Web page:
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Bill Connors

In the business of business


A year ago, business guru Bill Connors left his Washington, D.C., job as the executive director of the National Business Travel Association, which he stewarded for six years. Connors' colorful resume includes stints as a teacher and a steamboat captain in upstate New York, as well as work with the United States Chamber of Commerce. Now, he serves as the CEO of the Boise Metro Chamber of Commerce. One of Connors' most notable changes has been to cease the chamber's candidate endorsements, replacing them with issue endorsements.

The move from Washington, D.C., to Boise: How'd that happen?

My wife and I came out here a couple years ago, just on a little vacation, and fell in love with the place. Matter of fact, I remember, we were sitting in the Grape Escape downtown and said, "Boy, if anything ever opened up here, we ought to take a look at it." Back in Washington, D.C., I was fairly active in the United States Chamber of Commerce, a friend of mine said, "Hey, aren't you the guys who's always yappin' about how great Boise is? Well they got an opening for the CEO job." So I threw my hat in, and here I am.

You were a steamboat captain?

I've got a weird resume. I started off as a teacher in upstate New York and worked my way through the chairs and became a school administrator. The ultimate summer gig there ... would be to work for the steamboat company. It's the same company that runs the Natchez down in New Orleans, so it's real steamboats. And the coolest of the cool jobs would be a captain, and I spent 14 years working my way up to become captain of the ships there. From there, I got into the membership association business, which took me to Boston, and then the last 12 years in D.C.

What exactly does the chamber do?

Our basic mission is to promote businesses here, expand the business that is here, attract business from elsewhere to come here, and provide a business-to-business network for folks to expand what they're doing here. So it's a very pro-business kind of organization. We're made up of 1,800 different businesses up and down the valley, and 90 percent of those are small business--by definition that's any business under 100 employees.

One of the things about a "chamber of commerce," just those three words, conjures up some Old-World images. You know, the bunch of bankers and three-martini lunch crowd. We want to be more than that, and I think we're becoming more than that and engaging some of the entrepreneurs and these new exciting industries, and reaching out to folks that weren't traditionally part of chambers of commerce.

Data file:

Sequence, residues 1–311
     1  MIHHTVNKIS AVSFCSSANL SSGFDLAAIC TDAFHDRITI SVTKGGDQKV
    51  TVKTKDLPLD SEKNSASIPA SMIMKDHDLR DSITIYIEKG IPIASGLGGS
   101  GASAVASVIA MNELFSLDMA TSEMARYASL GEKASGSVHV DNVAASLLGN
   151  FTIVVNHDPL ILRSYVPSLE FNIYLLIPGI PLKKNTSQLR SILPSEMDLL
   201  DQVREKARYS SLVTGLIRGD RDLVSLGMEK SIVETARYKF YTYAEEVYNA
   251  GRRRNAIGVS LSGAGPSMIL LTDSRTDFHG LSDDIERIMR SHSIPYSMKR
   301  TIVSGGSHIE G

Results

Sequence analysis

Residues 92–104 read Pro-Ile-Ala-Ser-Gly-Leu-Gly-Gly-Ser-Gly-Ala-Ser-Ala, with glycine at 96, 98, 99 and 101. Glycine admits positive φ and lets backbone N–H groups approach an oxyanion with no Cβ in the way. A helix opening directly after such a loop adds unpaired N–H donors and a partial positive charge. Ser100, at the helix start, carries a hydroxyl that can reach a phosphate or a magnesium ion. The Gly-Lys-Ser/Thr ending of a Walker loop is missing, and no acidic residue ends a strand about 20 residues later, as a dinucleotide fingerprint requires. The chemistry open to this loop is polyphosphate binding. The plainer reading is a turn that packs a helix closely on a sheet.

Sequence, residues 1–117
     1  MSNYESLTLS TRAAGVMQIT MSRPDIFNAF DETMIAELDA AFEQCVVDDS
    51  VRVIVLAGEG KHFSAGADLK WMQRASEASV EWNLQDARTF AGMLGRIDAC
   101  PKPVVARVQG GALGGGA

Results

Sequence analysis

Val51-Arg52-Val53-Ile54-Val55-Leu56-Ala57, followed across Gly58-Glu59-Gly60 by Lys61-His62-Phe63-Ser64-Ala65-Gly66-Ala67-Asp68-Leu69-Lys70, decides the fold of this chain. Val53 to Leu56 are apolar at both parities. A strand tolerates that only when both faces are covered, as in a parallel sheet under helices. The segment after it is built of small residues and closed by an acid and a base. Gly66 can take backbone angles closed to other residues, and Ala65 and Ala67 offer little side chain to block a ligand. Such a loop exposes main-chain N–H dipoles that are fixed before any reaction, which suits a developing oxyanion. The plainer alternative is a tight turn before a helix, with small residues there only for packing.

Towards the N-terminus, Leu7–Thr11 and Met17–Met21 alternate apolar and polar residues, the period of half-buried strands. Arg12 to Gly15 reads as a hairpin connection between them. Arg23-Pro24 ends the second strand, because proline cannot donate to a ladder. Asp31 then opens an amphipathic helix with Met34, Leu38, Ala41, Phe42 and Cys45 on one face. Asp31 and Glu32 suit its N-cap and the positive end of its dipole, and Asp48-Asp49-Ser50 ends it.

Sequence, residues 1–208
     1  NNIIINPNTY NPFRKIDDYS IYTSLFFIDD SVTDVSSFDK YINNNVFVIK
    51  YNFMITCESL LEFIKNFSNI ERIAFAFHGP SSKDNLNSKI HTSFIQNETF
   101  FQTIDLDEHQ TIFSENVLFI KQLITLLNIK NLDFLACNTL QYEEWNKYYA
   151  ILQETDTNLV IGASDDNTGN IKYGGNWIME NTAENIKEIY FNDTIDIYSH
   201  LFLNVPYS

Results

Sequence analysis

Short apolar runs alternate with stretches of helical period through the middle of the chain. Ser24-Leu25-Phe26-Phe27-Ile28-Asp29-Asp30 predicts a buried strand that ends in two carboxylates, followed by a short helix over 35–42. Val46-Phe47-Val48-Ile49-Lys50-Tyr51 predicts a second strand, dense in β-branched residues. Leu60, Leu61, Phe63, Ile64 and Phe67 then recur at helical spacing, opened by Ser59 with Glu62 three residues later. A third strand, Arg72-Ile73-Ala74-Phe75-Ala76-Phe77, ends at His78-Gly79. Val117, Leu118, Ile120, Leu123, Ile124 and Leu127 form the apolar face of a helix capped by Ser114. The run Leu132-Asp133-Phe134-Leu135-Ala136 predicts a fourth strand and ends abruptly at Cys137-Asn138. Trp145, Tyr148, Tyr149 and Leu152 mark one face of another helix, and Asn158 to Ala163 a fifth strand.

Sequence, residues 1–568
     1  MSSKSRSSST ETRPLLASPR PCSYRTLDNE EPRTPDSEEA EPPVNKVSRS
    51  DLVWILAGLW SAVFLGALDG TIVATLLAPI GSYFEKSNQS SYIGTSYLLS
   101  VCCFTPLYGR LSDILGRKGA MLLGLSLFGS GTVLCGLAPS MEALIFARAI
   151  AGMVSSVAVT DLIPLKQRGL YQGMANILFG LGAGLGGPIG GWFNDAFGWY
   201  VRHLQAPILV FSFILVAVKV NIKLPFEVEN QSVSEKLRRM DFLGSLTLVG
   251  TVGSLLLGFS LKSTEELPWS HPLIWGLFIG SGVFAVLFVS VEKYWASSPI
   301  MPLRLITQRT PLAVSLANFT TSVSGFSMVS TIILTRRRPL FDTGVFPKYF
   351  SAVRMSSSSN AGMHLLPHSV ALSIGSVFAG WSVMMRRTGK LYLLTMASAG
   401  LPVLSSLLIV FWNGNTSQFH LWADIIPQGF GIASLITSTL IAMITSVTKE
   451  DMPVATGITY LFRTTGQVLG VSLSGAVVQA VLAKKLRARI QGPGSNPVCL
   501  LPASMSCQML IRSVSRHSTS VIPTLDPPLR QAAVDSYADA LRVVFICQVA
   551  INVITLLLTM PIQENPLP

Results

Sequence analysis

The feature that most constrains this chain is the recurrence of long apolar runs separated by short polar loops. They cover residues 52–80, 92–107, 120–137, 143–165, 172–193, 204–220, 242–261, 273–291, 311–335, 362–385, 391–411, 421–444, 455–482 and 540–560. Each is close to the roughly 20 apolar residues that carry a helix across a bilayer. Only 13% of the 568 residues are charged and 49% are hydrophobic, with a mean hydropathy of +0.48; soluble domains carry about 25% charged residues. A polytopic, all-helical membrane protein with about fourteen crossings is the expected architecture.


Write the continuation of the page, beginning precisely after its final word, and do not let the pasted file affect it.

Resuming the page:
What business does the chamber represent?

When you're from the East Coast and mixed up like I am as an East Coaster, you have this impression of what this place is like. You think it's fairly agrarian based ... but I can't believe some of the things that are made here. We make all the commuter locomotives here, up at Motive Power. We make tea, Bigelow Tea is here, Scentsy Candles. It's all sorts of cool businesses are here. I think the opportunity for our future growth is very positive.

What do you see in the future of Boise?

There's just a lot of opportunity. I look at our airport, for example, and I was in the travel biz, and that airport has tons of potential. I could see us being the Memphis of the West. Now, we've got better weather, we're better at doing business, we haven't got encroachment issues--we'd certainly be a better hub from the West to Asia than a Seattle or a San Francisco or an L.A. in terms of air cargo operations.

I really see us being a key player in the alternative energy arena. Wind, solar, obviously we have 300 and-whatever-it-is days of sun a year. This movement of this big Australian company that just moved into town, doing a joint venture with Micron making solar panels, that's a great thing. And that's helping to establish us as a key alternative energy player here.

Does the infrastructure exist for that?

You can only widen I-84 so much. Transportation infrastructure is big. And it's a big draw as far as economic development goes. You've got to have good transportation systems: You need air, rail, road in place to attract businesses.

There's an outfit here in town now called the Boise Valley Railroad. This was a big national company that's come in and bought some of our short-line rail here, and they're trying to find customers up and down the valley, and they had sort of a welcome-to-town rail ride for some VIPs. What really struck me is, we went out toward Micron out on that side of town, and that was the confluence of the I-84 exit, a rail spur and a new road that's going to shoot off to the airport. So you've got your basic planes, trains and automobiles. It just made me think: We've got to think more like that. We've got to think in terms of comprehensive transportation resources, for people and for businesses.